Popular Art Styles in Picture Book Illustration

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Let’s talk about popular art styles in children’s books and how picture book illustrators use them. I’ll give you a list of examples from various styles. Then I’ll share a YouTube video where I discuss examples critically, even explaining how illustrations could be improved.

This is something I cover at the very beginning of my Drawing Bootcamp class because I believe it’s important to design our illustrations deliberately. There are a lot of art styles out there, but all of them can basically be simplified down to three main styles.

Examples of Line Driven Styles

 

It’s Okay to Be Different
Todd Parr

 

The Missing Piece
Shel Silverstein

George and Martha
James Marshall

 

Judy Moody
Peter H. Reynolds

 

Diary of a Wimpy Kid
Jeff Kinney

 

Line driven styles, especially the simple ones, usually appeal to younger children. This kind of artwork is flat, and it’s so kid-relatable because kids love to doodle. Some of the more sophisticated comic book styles appeal more to older children.

 

Examples of Shape Driven Styles

 

Press Here
Herve Tullet

 

Mixed
Arree Chung

 

Leo: A Ghost Story
Christian Robinson

 

 

Mr. Tiger Goes Wild
Peter Brown

 

Shape driven stories appeal to kids because they focus on shapes. It’s different than line driven artwork in that you focus on textures and paint and shapes first, instead of lines. Lines are usually patterns. Shapes are so simplified that they’re basically graphic design shapes. The simple artwork is perfect for the youngest ages, where the more complicated artwork can appeal to older children.

 

Examples of Perspective Driven Styles

 

Splat the Cat
Rob Scotton

 

After the Fall
Dan Santat

 

Ninja!
Arree Chung

 

Jumanji
Chris Van Allsburg

 

Tuesday
David Wiesner

 

Perspective driven artwork is appealing because you’re pulled right into the 3D world. These styles are more realistic. They have shadows and perspective. On the other hand, the artwork loses the simplicity of the other styles we’ve discussed.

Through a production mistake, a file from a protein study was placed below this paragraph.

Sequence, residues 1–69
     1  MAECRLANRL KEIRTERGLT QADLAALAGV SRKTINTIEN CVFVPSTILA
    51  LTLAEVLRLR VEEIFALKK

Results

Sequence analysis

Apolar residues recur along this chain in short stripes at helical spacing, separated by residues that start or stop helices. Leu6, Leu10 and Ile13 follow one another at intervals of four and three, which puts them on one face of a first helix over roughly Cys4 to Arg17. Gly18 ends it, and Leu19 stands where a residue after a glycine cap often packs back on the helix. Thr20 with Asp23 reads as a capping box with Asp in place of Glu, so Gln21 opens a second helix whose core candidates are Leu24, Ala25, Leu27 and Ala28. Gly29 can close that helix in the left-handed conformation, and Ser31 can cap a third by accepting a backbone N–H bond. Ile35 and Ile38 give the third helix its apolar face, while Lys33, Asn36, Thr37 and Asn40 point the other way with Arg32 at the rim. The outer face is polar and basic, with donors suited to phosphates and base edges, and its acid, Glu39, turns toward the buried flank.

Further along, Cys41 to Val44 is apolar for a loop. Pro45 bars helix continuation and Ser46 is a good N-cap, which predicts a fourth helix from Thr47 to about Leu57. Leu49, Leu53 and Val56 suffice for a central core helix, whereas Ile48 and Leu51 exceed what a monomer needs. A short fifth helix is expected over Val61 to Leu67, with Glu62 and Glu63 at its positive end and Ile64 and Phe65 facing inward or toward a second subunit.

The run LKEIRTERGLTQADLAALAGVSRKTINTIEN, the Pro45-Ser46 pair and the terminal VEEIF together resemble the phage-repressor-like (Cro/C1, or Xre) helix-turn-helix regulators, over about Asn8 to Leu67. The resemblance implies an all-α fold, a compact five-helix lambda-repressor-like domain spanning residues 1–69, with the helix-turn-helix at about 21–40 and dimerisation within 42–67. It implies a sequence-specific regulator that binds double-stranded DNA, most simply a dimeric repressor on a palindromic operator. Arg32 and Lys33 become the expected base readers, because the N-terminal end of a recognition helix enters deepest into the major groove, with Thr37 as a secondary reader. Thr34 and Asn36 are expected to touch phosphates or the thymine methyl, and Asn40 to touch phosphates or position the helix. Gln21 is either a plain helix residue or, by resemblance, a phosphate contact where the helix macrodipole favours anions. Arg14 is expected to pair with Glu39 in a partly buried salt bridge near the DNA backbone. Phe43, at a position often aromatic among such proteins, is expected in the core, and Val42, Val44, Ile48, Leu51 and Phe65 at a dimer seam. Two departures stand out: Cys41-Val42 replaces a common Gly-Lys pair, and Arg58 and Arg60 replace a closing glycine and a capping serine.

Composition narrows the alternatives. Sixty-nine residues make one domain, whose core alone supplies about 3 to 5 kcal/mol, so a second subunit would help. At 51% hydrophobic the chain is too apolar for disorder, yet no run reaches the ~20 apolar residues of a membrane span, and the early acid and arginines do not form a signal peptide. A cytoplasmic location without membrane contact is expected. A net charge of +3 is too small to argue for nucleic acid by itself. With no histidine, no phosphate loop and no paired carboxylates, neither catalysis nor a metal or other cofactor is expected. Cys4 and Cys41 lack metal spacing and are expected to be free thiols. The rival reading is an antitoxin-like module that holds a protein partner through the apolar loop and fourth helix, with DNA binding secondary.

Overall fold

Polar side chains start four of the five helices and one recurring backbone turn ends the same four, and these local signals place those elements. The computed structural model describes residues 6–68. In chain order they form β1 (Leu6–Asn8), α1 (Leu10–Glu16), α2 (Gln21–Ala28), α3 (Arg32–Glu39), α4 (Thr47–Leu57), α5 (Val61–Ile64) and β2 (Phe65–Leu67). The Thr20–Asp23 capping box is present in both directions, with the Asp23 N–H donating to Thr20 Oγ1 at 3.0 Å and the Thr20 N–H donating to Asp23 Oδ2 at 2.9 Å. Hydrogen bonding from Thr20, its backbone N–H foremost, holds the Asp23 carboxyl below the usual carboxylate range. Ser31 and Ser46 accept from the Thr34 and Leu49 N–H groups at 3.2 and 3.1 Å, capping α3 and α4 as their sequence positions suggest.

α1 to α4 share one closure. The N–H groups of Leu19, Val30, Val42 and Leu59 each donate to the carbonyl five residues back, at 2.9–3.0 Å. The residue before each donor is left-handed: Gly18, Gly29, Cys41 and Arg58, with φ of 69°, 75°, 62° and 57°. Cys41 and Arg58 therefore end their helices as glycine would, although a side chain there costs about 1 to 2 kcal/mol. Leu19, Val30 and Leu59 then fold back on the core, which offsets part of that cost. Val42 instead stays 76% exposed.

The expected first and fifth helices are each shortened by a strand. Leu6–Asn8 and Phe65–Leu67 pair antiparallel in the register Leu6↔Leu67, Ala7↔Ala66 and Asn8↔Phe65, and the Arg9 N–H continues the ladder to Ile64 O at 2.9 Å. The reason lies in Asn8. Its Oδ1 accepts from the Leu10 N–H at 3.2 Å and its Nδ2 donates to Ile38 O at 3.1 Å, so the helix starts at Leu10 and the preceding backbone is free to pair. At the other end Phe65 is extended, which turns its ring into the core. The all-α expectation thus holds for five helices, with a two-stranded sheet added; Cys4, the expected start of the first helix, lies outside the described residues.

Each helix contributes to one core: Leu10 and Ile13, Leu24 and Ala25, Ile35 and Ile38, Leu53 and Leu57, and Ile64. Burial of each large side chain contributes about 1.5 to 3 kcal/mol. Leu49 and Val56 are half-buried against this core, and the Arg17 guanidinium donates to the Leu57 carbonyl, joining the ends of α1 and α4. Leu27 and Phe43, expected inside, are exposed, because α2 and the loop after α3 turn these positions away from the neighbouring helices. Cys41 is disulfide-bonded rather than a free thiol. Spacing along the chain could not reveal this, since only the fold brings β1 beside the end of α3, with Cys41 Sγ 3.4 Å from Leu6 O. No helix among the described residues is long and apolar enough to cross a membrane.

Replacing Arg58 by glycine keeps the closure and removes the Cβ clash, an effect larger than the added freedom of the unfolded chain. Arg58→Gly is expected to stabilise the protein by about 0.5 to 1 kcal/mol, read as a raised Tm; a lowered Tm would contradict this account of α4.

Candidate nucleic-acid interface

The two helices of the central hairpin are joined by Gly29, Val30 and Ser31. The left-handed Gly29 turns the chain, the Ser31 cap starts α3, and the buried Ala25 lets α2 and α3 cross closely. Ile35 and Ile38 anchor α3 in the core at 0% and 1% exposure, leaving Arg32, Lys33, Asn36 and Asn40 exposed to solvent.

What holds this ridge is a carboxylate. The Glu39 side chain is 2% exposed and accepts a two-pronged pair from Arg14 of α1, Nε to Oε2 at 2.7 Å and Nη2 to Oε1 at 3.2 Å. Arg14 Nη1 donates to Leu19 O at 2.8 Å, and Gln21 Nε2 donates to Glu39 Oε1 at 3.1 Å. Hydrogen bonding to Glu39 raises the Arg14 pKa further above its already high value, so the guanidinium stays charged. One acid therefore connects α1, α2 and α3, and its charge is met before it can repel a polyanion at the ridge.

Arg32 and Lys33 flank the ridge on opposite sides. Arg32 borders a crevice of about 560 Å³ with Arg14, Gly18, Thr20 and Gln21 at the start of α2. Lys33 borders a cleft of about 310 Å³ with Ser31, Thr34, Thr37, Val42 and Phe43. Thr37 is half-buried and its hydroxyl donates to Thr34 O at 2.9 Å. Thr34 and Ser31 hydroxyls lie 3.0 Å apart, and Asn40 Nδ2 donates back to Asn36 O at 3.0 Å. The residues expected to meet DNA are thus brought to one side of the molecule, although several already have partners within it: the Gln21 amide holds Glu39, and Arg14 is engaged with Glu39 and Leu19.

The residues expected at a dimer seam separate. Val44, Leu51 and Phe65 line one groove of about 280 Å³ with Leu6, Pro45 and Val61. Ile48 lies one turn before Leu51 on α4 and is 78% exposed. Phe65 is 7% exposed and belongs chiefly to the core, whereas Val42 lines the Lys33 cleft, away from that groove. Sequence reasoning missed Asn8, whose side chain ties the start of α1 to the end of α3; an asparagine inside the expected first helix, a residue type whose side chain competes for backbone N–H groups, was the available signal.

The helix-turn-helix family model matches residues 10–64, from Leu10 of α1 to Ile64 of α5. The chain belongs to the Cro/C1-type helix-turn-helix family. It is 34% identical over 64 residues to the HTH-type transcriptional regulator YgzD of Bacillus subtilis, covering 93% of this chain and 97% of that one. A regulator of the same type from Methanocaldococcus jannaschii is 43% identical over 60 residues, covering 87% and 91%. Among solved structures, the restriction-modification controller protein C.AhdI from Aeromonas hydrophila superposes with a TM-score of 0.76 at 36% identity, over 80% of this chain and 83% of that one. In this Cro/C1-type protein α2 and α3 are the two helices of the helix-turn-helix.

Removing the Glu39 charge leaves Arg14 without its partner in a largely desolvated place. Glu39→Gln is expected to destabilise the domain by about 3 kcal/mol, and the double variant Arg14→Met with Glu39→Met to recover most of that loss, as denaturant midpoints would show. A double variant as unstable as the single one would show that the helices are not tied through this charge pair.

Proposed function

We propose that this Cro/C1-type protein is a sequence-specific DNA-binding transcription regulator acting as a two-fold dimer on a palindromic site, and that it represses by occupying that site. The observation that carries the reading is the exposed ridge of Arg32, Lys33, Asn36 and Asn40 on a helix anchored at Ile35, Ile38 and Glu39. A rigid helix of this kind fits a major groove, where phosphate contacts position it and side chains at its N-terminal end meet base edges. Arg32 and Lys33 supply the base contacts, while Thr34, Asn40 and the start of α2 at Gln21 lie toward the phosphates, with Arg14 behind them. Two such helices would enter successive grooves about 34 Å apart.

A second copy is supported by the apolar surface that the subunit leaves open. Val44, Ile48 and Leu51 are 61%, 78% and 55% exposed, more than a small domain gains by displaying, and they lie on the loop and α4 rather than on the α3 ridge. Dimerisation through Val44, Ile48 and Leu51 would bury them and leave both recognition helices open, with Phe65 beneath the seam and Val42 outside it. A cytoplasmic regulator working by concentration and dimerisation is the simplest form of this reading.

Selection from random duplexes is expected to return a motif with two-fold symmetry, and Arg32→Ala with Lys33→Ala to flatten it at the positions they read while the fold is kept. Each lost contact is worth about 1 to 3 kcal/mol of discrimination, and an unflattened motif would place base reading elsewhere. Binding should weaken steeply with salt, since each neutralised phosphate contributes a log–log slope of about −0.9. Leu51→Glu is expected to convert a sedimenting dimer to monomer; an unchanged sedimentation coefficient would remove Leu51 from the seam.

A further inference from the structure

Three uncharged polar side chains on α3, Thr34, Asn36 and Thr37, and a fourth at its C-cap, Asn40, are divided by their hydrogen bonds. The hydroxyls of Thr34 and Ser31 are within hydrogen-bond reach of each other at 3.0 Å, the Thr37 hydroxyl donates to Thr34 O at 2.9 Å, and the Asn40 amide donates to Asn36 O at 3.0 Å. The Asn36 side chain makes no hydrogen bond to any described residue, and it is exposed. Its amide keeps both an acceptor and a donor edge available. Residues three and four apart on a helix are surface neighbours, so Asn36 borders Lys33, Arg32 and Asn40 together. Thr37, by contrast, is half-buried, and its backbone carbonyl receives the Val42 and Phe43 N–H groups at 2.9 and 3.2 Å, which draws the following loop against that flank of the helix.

Figuring Out Your Own Style

Your style is going to change over time. When I was in art school, I focused a lot on drawing realistically because that was a skill I wanted to develop. But once I reached a certain skill level, that style lost some of its appeal. As you study your favorite artists and put in the work, your style will evolve. And as I demonstrated in my graph, you’re also going to find that certain styles work better for certain stories. As your skill improves, you’ll be able to design styles and characters that better fit your stories.

In the following video from a Drawing Bootcamp workshop, I discuss art styles in children’s book illustrations. We go over some exercises that will help give your drawing a great foundation.

 

Thanks for learning with us!

 

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Myrna Foster
Myrna Foster

Myrna Foster writes and edits content for Storyteller Academy and the WriteRiders Newsletter for SCBWI Nevada. She has spent a lot of time teaching and coaching children, including five years as a preschool teacher. She's also worked as a journalist, and Highlights High Five has published six of her poems.

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